And then everything changed

Donnerstag, 21. Dezember 2017

#Readmyowndamnbookschallenge End of the Year Update

I'm proud to say that I only bought one book since the last update and the author signed it, so I think that's allowed. But the pile of unread books in my room is still pretty big. In the last months I managed to read three books. Here they are:

Peter Kurth - Isadora Duncan

This is a huge biography of the dancer Isadora Duncan and I have to admit, I didn't read the entire thing, yet - that's pretty much impossible. But I did read quite a bit and it was interesting. Isadora Duncan definitely had a spectacular life. She's only in her early adult years at the point of the book I'm at, but she already lived in San Fancisca, Chicago, New York, London, Munic, St. Petersburg, somewhere in Italy and several other places I forgot. Isadora and her family came from nothing, literally almost starving to death and it was just her incredible talend which kept them alive. First she struggled to get jobs or got some which weren't paid. It's sad to think that in the creative field when you're starting out, it's still the same after all these centuries. You still don't get paid often times, just with "exposure" which is ridicolous. But soon she swept everyone away with her extraordinary dancing and became famous.

Biographies are often very technical about the famous person's profession. Like biographies about musicians will include a lot of detailed musical description which is always a bit hard to understand and also boring for me. With dancing it's different. I know a lot more about dancing than about music, as I've been dancing on and off since I was six years old and have consumed numerous dance movies etc. So I actually found the technical stuff in this book fascinating. Also I totally agree with Isadora's opinion that classical ballet is unnatural because the body is not designed to do the things ballet requires. She broke free from these restrictions and created her own dance which was based on the old Greeks. Her whole family was obsessed with Ancient Greece and I love that this is also a big part of the book. For dance fans this biography is a great read!

Marian Keyes - Sushi for Beginners

This is a rather untypical book for me to read. I'm not so much into contemporary stuff, but as I've been having a really tough time with Fantasy lately (I just couldn't get into it at all) I chose to read this book, which was waiting to be read on my booksshelf anyway. It's about a group of (mostly) women who start a new women's magazine in Dublin. They try to create something fabolous in a not so fabolous place. As journalism is a passion of mine and women's magazines have been in my thoughts a lot this year (while thinking about my own future) this was right up my sleeve. I was a bit disappointed though that the magazine itself is rather a plot device and the novel actually tells private the stories of the women working on it and their friends. I'm still not sure what the main story of this book was, which is never a good thing.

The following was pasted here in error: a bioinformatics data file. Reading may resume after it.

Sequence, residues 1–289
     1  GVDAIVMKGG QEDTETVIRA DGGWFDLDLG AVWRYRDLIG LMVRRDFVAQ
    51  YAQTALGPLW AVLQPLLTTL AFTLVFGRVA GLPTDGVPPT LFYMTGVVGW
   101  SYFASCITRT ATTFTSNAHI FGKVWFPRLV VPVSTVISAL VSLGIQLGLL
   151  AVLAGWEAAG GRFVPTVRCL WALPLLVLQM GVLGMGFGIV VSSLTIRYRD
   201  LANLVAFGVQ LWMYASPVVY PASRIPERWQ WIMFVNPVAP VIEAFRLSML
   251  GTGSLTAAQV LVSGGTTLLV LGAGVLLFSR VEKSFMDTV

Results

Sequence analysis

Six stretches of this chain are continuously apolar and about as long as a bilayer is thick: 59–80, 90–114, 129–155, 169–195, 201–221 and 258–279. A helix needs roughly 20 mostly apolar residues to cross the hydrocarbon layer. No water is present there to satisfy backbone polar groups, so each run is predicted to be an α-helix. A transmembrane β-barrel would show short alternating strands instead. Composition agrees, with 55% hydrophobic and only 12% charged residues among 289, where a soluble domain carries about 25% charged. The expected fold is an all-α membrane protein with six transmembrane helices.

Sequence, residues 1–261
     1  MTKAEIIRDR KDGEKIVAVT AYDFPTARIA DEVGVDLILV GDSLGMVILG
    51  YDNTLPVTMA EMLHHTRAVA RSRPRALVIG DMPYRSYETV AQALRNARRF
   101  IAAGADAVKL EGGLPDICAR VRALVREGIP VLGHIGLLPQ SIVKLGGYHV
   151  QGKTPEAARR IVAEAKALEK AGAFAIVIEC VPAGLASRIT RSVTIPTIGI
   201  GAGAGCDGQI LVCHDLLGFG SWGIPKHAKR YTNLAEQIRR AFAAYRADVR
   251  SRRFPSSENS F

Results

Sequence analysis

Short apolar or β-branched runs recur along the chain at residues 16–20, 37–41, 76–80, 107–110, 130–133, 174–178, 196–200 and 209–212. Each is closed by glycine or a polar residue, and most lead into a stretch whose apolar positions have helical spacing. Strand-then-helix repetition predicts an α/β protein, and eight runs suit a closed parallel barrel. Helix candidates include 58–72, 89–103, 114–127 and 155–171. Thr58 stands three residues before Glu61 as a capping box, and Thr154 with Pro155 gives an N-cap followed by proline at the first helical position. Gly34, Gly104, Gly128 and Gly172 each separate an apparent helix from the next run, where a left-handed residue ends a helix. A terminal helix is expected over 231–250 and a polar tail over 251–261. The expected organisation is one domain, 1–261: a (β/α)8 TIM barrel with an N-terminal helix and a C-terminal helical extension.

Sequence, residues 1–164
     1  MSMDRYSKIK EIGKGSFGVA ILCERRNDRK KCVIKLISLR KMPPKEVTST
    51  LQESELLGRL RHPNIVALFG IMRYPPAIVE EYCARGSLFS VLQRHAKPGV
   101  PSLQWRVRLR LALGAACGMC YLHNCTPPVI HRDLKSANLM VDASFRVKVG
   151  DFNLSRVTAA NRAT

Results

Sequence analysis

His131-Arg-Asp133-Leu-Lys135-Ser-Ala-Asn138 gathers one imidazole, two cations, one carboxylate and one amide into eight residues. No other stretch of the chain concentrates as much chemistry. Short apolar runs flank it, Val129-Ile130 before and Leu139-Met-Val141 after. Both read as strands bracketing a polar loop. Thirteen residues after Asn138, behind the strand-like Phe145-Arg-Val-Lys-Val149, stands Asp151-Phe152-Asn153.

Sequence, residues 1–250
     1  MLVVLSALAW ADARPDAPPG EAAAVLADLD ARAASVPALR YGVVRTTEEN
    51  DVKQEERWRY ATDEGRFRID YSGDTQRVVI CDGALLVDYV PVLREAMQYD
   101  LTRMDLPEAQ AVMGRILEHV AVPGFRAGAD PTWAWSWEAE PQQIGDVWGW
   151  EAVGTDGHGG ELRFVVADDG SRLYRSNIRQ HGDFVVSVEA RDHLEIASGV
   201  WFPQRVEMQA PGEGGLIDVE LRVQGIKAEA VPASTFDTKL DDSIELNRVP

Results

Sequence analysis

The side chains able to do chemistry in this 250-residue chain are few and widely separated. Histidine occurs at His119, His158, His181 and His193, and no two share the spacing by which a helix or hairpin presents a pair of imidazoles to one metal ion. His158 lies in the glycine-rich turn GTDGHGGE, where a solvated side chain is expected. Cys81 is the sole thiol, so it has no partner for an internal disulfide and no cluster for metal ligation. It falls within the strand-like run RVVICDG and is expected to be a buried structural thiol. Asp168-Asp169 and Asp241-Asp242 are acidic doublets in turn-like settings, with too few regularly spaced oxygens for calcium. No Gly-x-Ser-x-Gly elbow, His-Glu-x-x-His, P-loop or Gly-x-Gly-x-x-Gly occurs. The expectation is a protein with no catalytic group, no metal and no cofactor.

With that said, it was still an entertaining and very pleasant read. It felt good to finally read something I can find myself in. Of the three main characters, I really liked the editor in chief, Lisa. First she's introduced as this heartless career person but the author did a nice job in showing that she's just human and has her own vulnerabilities. Her strength in difficult times was truly inspiring and something to look up to.

Teri Terry - Mind Games

I've been a fan of Teri Terry since her Slated trilogy, which are still the best dystopia YA books you can find. When I saw that Teri Terry will be coming to the bookfair, of course I had to meet her, buy a book and have it signed. The lady selling the books recommended this own to me (though there are still many more books by Teri Terry I haven't read) and because it's a standalone I took it. It did not disappoint. Mind Games is set in a future where society mostly takes place in virtual worlds. The protagonist refuses first to take part in this even if it makes her a social outcast with no future, until she's sucked into the evil plans and problems of several evil groups.

This book was very well plotted. Just like in Slated Teri Terry managed to show that neither side of a fight (neither the government nor the rebels) are per se the good ones. It was thrilling and all the plotlines actually came together in the end. When I first started reading it, I had trouble sleeping and had nightmares, so I paused it for a while. Don't get me wrong. Mind Games is not horror, not at all! It's not scary but I was alone at home and the whole not-knowing-what's-real thing freaks me out anyway. Once my boyfriend was back from vacation I continued it and had no problems with it anymore. It's not Fantasy at all, but rather Sci Fi but it helped me to get into the genres again.

What I'm reading now: Marc Elsberg - Zero

After Mind Games I really wanted to use the Sci Fi momentum and go further in this direction. My Mum gave me this book months ago, so I decided why not give it a try. And it's fantastic! It's not Sci Fi but a thriller about technology and not only touches it many important topics and trends of our time and makes you think but also is it extremly well built! As I'm not through with it, yet, I'm not gonna say any more right now, but I can't stop reading it.

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